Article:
Studies find that drinking can increase chances of getting cancer
- Author: Santos West Nov 09, 2017,
Nov 09, 2017, 0:35
According to the new research conducted by the American Society of Clinical Oncology (ASCO), numerous leading cancer doctors over the nation are driving attention to the associations between cancer and alcohol.
Even when consumed in moderation, alcohol is a "definite risk factor" for cancer, according to a special report by the American Society of Clinical Oncology (ASCO), published today in the Journal of Clinical Oncology. He said he hopes that this knowledge empowers doctors "to help their patients reduce their risk of cancer". The group likewise opposes "pink washing", in which alcohol companies drape their products in pink ribbon to enhance sales, a practice it opposes "given the consistent evidence that shows the link between alcohol consumption and an increased risk of breast cancer".
In addition to increasing risk factors for certain types of cancer, the ASCO review also found that drinking alcohol can have an adverse effect on treatment and outcomes for patients with cancer.
"The most recent data that I have seen estimated that this was 18,200-21,300 alcohol related deaths in the USA in 2009", says study co-author Noelle LoConte, a professor at the University of Wisconsin School of Medicine and Public Health.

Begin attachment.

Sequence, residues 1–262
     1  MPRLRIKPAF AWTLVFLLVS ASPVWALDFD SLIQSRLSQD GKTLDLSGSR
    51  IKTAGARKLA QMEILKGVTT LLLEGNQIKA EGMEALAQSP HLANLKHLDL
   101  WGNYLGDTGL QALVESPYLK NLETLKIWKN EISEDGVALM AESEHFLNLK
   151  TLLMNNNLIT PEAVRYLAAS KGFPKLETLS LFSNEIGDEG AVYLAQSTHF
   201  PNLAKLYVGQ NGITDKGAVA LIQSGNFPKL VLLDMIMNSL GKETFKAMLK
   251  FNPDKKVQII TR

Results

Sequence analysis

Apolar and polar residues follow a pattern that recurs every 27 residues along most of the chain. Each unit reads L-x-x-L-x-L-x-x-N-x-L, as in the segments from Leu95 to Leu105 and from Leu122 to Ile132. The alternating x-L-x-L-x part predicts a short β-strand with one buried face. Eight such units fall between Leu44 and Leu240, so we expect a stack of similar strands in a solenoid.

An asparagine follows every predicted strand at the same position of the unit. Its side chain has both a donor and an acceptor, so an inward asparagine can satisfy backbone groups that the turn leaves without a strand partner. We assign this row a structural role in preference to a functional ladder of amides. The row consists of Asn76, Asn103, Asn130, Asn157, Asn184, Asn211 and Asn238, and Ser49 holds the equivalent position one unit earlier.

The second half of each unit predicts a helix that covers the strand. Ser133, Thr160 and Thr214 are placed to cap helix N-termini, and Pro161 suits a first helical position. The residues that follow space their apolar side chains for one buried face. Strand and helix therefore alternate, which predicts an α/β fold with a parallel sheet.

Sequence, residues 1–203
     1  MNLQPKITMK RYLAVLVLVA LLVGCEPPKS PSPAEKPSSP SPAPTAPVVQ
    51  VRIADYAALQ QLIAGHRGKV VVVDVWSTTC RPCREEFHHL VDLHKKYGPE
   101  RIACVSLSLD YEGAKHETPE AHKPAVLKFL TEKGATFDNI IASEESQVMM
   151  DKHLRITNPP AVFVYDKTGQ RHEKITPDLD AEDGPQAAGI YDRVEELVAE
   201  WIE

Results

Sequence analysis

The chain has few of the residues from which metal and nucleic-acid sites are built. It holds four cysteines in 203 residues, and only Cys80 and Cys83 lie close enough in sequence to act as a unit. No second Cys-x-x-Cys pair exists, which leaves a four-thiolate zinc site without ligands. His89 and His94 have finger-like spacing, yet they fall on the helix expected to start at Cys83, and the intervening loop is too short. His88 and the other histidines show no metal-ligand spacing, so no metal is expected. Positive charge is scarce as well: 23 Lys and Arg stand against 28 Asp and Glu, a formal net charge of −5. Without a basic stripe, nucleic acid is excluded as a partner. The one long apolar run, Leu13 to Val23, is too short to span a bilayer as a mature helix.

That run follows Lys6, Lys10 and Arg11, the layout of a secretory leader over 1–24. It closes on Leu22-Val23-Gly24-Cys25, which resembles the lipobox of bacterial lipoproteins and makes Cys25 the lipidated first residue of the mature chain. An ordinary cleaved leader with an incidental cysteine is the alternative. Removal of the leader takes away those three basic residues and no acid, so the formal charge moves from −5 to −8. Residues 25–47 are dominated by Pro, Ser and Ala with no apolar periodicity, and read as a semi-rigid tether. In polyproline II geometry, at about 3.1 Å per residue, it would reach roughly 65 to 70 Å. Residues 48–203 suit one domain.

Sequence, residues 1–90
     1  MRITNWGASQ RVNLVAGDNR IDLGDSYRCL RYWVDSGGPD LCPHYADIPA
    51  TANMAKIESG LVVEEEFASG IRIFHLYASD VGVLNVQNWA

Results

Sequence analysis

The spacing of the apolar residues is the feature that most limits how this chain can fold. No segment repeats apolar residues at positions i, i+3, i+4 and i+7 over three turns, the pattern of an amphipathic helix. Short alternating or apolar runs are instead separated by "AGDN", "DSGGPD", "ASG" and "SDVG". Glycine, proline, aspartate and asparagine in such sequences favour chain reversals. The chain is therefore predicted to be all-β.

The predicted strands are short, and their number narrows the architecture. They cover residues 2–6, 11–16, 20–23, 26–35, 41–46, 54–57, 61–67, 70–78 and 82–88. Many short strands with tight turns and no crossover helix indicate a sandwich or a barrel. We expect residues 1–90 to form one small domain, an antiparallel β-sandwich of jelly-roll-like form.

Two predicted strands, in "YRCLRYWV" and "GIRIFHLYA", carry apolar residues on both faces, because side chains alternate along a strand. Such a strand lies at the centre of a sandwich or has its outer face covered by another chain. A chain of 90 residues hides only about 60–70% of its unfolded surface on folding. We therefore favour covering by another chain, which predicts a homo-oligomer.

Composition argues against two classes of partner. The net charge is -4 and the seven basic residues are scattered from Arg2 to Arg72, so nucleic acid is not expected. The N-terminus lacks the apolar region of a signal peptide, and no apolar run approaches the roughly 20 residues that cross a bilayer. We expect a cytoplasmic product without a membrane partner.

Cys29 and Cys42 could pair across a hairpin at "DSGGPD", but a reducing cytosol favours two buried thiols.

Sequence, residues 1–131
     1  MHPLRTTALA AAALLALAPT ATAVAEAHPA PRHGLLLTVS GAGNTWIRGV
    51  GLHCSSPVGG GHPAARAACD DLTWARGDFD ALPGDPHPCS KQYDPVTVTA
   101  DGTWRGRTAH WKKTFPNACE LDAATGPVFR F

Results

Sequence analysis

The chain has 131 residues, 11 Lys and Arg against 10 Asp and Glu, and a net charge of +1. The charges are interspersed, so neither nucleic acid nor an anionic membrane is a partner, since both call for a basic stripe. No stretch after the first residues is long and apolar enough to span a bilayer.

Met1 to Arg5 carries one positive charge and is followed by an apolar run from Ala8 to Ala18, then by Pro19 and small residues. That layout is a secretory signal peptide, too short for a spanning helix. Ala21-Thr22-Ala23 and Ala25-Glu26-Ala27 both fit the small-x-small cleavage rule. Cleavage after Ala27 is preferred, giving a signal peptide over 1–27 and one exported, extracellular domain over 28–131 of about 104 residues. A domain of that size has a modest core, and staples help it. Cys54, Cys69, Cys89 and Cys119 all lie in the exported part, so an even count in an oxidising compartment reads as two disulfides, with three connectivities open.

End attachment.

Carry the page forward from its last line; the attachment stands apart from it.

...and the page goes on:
"I think the take-home message from the statement is that the really high-risk people are very high drinkers - over a prolonged period of time", LoConte said. Heavy drinking also more than doubles the chance of getting liver and voice box cancer. Ashton adds that if you pour more than these standard serving sizes, it counts for more than one drink.
"It's sort of like selling cigarettes to raise awareness for lung cancer", LoConte said. She's an associate professor of medicine at the University of Wisconsin. Alcohol consumption is known to increase the risk of several cancers, including head and neck, esophageal, liver, colorectal and female breast cancers.
Alcohol causes damage in different ways.
"The evidence is very clear", she said.
While the ASCO does suggest strategies for cutting back on drinking, it also advocates for temperate use of alcohol, rather than recommending giving up drinking altogether.
"If you drink more, drinking less will definitely reduce your risk", she says.
The biggest risks were seen in people who were classified as heavy drinkers (four or more drinks for women, five or more drinks for men in one occasion) or moderate drinkers (one drink for women and two drinks for men per day).